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Part of the debate – in the House of Commons at 3:21 pm on 4th March 2020.

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Photo of Stephen Morgan Stephen Morgan Shadow Minister for Local Government (Communities), Shadow Minister (Defence) (Armed Forces and Defence Procurement) 3:21 pm, 4th March 2020

It is only right that I begin by paying tribute to our blue light services, volunteers and local government workers who helped Britain to weather the storm of unprecedented flooding. With three major storms, Storm Jorge being the latest, February saw record rainfall. We also know that the last 10 years have been confirmed as the warmest decade on record. As a representative of a coastal community, which bears the brunt of the rising sea levels resulting from climate change, I find that deeply concerning.

More than 10,000 homes and 700 non-residential properties are at risk of flooding from the sea in my constituency. In order to quell the threat, Portsmouth City Council is embarking on the largest coastal defence scheme this nation has probably ever seen—the Southsea sea defence scheme. The 4.5 km stretch across the coast will be the first line of defence against flooding for the next 100 years, but are the Government doing enough to support such schemes? The council has told me that it has struggled to obtain full funding under Government rules. Support from Ministers needs to go beyond simply part-funding projects.

Another point that must be addressed is the current Government’s failure to recognise the interaction between flooding and heritage sites. A case example is Southsea castle in my patch, which is a major cultural English heritage asset. As expected, sea defence works surrounding the Henry VIII-constructed fortification require extra care and diligence in stabilising its groundwork, but the way that the Government currently give out funding fails to recognise the increased cost incurred to protect heritage sites. I fear that other local authorities will no doubt encounter that problem as the climate crisis worsens. I would like to ask the Minister if she will address the way that Government funding is structured to consider the extra costs of protecting cherished heritage sites.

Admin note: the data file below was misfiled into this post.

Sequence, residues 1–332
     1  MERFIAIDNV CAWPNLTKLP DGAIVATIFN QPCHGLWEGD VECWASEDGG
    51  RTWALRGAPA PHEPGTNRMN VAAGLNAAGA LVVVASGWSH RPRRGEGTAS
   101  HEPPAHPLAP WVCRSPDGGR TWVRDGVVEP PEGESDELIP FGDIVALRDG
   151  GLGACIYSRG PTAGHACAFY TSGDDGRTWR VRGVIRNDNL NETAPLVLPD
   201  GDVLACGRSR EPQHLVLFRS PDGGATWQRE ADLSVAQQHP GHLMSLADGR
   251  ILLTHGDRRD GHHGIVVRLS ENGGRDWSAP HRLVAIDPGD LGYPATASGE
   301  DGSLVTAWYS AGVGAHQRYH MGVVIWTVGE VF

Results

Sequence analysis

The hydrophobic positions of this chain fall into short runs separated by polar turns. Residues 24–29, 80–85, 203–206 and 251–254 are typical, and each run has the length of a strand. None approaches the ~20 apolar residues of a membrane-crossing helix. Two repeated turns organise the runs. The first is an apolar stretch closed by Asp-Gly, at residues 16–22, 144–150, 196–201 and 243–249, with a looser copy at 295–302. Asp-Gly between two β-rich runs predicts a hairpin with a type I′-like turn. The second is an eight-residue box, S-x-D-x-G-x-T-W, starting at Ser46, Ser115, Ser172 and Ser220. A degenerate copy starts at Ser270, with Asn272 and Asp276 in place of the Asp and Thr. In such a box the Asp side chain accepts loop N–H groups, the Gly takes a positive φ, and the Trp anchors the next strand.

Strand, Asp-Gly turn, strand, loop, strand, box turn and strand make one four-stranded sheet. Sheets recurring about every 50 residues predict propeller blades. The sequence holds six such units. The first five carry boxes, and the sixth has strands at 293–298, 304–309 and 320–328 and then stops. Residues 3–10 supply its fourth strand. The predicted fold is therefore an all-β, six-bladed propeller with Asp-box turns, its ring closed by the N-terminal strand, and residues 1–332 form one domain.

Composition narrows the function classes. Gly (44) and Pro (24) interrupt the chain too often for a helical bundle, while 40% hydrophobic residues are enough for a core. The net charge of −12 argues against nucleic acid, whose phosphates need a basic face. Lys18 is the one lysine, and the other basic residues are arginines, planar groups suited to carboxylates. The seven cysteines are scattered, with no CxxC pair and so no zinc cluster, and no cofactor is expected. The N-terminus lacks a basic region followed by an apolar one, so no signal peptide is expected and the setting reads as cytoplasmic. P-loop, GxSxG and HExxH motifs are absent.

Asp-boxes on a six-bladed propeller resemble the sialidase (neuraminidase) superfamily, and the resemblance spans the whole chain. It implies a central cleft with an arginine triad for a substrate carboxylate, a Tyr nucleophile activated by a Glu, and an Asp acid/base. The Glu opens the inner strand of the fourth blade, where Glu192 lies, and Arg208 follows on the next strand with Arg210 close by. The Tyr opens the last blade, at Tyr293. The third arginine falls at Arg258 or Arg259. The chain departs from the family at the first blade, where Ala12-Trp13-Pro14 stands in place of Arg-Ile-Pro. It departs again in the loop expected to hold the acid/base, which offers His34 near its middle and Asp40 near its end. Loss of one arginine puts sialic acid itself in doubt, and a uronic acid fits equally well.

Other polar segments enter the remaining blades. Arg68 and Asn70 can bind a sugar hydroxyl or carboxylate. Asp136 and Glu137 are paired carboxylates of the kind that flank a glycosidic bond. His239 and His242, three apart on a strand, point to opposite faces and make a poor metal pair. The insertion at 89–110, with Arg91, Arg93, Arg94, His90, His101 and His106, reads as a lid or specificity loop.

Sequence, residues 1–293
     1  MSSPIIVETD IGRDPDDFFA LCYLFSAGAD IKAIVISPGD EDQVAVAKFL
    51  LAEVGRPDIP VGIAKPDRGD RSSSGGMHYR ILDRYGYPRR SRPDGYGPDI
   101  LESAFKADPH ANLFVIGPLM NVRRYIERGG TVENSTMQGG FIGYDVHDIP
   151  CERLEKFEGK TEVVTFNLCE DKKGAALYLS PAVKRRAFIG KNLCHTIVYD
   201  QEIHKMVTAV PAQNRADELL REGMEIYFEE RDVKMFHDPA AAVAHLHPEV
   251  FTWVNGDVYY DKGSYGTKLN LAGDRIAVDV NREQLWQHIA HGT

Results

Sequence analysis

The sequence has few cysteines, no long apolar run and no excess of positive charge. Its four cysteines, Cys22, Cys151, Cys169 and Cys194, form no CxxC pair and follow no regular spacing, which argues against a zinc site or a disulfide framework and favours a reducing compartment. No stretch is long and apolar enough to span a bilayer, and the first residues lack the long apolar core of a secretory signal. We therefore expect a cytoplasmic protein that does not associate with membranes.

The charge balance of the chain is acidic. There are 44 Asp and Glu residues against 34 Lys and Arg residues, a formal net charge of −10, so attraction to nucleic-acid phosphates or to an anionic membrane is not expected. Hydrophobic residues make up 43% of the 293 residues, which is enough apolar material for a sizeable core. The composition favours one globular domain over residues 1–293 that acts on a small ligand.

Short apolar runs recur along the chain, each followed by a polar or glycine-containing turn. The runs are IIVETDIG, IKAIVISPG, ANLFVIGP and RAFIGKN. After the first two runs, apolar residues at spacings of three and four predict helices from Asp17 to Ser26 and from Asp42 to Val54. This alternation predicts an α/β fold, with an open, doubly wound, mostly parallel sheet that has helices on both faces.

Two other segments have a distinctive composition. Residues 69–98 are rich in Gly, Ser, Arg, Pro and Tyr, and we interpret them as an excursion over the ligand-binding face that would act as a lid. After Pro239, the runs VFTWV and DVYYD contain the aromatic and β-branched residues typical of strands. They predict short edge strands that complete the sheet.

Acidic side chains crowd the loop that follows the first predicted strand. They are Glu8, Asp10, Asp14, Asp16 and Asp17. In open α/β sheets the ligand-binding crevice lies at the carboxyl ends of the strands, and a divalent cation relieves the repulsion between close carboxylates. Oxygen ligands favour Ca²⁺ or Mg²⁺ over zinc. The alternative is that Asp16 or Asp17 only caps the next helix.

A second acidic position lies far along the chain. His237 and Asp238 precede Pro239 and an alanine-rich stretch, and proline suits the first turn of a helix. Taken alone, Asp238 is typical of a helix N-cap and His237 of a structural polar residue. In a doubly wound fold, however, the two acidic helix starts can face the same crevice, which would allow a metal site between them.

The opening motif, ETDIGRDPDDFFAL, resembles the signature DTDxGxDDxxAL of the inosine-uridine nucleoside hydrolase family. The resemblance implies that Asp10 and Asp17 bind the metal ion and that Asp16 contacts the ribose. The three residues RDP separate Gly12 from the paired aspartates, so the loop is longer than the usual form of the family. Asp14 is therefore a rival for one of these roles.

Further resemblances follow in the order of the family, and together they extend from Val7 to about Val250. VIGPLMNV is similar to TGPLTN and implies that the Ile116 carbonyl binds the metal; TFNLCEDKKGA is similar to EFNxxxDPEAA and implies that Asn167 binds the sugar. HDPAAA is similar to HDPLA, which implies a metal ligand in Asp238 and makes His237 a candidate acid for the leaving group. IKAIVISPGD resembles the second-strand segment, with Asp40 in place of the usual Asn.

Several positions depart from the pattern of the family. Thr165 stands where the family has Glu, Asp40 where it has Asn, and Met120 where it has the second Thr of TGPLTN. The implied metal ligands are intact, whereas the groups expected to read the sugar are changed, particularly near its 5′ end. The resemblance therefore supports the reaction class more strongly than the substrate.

The Government also need to set out what they expect local enterprise partnerships to do when it comes to protecting communities from flooding. In my constituency, Portsmouth City Council has been making efforts to secure money from the LEP in a bid to bridge the shortfall in Government funds. That has been at times a real challenge in Portsmouth, arising from the rigid LEP funding structures.

Coastal communities such as my own are not only facing additional threats of flooding due to climate change: they are also at risk because they have been hit hardest by austerity. As the House of Lords Select Committee report shows, communities such as Portsmouth are dealing with a toxic cocktail of even less funding than their neighbours and being forced to face more climate change challenges. There is a clear imbalance that needs to be redressed. The Prime Minister has previously committed to hosting a flood summit, bringing together regional partners and stakeholders, and I echo the concerns we have previously heard that we need to ask the Minister when this summit will take place.

I am asking the Minister lots of questions today. They are questions that I would have asked her in person, but sadly, the Minister previously offered me just 15 minutes for discussion of the biggest sea defence scheme in the country and cancelled two consecutive meetings after repeated requests, one just hours before the meeting. Our coastal communities are rich in leisure, tourism and heritage activities. Their loss would be our nation’s loss and they must be protected. There are gaps in the Government’s current strategy that need to be addressed. It is high time that the Government took notice of this fact and started properly supporting coastal communities such as Portsmouth.